Not only this but together, the sea of non-straight, fictional faces is making a large splash in the grander scheme of things with actual science supporting the fact that by knowing a gay person you are twice as likely to support gay rights. Even better is the fact that ‘knowing a gay person’ sometimes just means ‘seeing a gay character on TV’.

The fact of the matter is that the more queer characters on TV, the more support for the rights of queer people there is because people will have seen the struggles of queer people first hand – even if they are dramatised for a television storyline. So while The L Word may not have been the sturdiest pillar to build queer visibility on, it was one of the first and most important building blocks and for that many of us are eternally grateful.


Lesbian Web Series – Starting From Now – Episode 6

Watch episode 6 (and the final episode) of the lesbian web series ‘Starting From Now’. The series is the brainchild of multi-award winning writer/director, Julie Kalceff, and stars Sarah de Possesse, Rosie Lourde, Lauren Orrell, Bianca Bradey, and Linda Grasso.

Episode 6 – Synopsis

After hitting rock bottom, Steph knows she has to make some changes and she’s going to, starting from now. She does everything right and it looks as though, finally, she’s getting her life back on track. But for how long

Watch Episode 6

Lesbian Web Series – Starting From Now – Episode 5

Episode 5 of the lesbian web series ‘Starting From Now’. This exciting web-series is part of a new wave of media content driven by women and other traditionally marginalised film makers to fill the diversity gap left by mainstream film and television.

Episode 5 – Synopsis

Steph realizes the best thing for everyone is for her to move out. She finds a place of her own and tries to make amends for past wrongs.

Watch Episode 5

What to Expect From Pretty Little Liars Season 5

Wow, that Pretty Little Liars season 4 finale was a bit of a shocker wasn’t it? If you haven’t seen the episode and have no idea what happens in any of the surprising end of season scenes, then look away because this post is about to get spoilerific to the highest degree.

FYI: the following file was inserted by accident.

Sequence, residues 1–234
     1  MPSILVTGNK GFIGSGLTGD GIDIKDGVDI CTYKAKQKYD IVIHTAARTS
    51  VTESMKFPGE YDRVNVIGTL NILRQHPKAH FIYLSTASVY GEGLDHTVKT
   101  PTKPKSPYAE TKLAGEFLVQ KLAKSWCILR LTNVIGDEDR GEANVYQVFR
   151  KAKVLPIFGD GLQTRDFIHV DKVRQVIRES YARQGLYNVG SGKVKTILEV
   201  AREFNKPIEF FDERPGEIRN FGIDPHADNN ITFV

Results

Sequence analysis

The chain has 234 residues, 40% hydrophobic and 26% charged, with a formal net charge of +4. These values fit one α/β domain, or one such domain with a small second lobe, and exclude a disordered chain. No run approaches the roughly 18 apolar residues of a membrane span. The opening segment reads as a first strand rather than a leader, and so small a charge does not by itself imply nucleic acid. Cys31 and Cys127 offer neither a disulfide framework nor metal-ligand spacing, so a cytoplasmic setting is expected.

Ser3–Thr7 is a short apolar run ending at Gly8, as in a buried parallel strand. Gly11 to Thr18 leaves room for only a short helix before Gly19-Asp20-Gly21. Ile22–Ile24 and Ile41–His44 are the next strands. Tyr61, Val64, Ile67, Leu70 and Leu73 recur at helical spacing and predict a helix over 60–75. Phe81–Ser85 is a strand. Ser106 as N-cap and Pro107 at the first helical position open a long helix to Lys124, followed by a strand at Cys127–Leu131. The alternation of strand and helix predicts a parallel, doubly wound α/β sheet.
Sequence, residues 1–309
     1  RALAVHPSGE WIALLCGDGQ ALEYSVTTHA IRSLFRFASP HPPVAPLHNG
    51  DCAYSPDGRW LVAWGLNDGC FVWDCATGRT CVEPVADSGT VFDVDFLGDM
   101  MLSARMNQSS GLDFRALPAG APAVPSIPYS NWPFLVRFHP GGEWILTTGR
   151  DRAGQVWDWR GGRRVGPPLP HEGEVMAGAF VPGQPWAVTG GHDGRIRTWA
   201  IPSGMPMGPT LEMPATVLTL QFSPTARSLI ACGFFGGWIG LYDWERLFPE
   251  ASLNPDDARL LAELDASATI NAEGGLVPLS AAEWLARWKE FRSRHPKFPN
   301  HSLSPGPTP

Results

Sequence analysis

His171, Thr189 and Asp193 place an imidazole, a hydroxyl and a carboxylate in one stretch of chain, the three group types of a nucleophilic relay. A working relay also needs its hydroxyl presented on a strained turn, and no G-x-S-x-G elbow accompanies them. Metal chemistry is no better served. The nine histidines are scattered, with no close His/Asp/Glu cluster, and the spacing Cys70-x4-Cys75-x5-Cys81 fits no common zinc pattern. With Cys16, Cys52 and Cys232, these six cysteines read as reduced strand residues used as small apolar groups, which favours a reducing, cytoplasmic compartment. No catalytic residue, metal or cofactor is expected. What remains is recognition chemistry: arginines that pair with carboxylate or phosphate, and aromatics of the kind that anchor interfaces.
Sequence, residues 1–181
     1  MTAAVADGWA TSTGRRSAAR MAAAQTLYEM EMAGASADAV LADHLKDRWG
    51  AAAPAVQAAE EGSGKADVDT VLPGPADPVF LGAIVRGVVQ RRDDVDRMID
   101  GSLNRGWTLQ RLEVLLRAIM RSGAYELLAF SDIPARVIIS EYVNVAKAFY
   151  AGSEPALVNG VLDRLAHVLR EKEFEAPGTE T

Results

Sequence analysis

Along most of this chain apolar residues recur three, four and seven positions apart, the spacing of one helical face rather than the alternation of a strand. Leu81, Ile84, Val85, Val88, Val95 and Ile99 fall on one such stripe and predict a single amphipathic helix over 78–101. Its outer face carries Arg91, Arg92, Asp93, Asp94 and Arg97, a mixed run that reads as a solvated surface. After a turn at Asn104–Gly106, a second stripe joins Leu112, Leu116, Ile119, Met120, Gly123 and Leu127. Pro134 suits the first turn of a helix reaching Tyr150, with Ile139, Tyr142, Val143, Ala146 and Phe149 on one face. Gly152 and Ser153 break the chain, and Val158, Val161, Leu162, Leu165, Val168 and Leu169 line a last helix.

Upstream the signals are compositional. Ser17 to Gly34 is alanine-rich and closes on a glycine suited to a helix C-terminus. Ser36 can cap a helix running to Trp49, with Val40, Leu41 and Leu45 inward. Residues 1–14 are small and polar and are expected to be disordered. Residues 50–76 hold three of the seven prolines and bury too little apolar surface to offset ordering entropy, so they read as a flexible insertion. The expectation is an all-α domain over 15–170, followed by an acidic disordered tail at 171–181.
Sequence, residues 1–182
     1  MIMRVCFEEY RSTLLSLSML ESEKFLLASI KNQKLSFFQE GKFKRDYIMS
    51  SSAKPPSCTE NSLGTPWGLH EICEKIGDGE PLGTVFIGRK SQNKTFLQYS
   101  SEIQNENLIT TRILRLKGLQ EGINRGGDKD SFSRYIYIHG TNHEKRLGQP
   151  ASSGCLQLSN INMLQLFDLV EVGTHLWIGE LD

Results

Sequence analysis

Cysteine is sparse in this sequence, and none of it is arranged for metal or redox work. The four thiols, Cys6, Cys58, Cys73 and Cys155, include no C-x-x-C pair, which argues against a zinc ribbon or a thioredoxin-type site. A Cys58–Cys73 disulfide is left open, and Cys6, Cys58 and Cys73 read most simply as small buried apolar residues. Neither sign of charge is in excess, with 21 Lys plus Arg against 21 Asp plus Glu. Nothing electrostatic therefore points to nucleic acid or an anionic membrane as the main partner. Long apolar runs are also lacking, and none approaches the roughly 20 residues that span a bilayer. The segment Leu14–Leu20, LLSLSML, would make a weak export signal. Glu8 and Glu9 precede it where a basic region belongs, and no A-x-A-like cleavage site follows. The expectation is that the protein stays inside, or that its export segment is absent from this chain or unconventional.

Right, now onwards for those of us who know just how PLL season 4 ended. Not only were Allison DiLaurentis’ (Sasha Pieterse) plans for safety scuppered by a gun, a goon and giant gap between buildings, but part time fan favourite and part time antagonist Ezra Fitz (Ian Harding) was also shot, leading to a dramatic scene on a rooftop where Aria (Lucy Hale) held her long-time love interest in her arms as he lay there with a bullet lodged in his gut. It’s unclear what will become of Mr. Fitz the seducer of teens (he was dated both Allison and Aria, after all) and teacher of English but he could hold the key to one of the show’s biggest mysteries – just who is A? If you remember, one of the last things ol’ Fitzy proclaimed at the end of last season was that he knew who the mysterious, hooded figure was. Interesting indeed.

This is info we could be privy to in the Pretty Little Liars season 5 premiere with S5’s first episode being PLL’s 100th overall and is being written by show runner Marlene King and directed by longstanding director, Norman Buckley, as a result. According to King herself, “There will be a big reveal: One of our mysteries that we’ve had for a long time on the show will be revealed in the 100th,” also saying that “We hope that it’s emotionally epic for us.” While it’s unclear just what that ‘emotional epic’ will entail, we do have some idea of who, if not what, will be on camera.

For a start, Hanna’s ex-boyfriend, Caleb (played by Tyler Blackburn), will make a return to the show after PLL’s supernatural spin-off, Ravenswood, was cancelled and he’ll be featured in the Pretty Little Liars season 5 premiere likely looking to shake things up between Hanna and her new mechanic love interest. Other Hanna related scenes include one between Hanna and Spencer that King tweeted she had written. In turn, Noel Kahn and Lucas Gottesman (played by Brant Daugherty and Brendan Robinson) will also make a return at some point in the season.

But a big question on everyone’s lips or at least those of LGBT viewers is just what will become of Emily Fields’ love life? The penultimate episode of Pretty Little Liars season 4 saw a dramatic scene between Emily and girlfriend Paige as Emily told her that she couldn’t trust her anymore as a result of Paige dobbing Allison’s ‘alive and well’ status in to the cops. It wasn’t completely clear if the couple are donezo (is anything on this show?) but we do know that a new love interest could be right around the corner for our teenage swimmer as she meets new character Sydney Driscoll (played by Chloe Bridges) who is both a newcomer to the show and to the Rosewood swim team, with the two girls reportedly becoming friends. Or maybe we’ll see the feelings between Emily and her first love, Allison rekindled as these four separate photos from Norman Buckley’s Twitter seem to suggest that Allison will be featured heavily in the show’s season premiere.

While it all seems very exciting for the future of one of television’s most intriguing shows, we won’t know more until new teasers and promos are released, so we’ll keep you posted until the run up of the Pretty Little Liars season 5 premiere in June.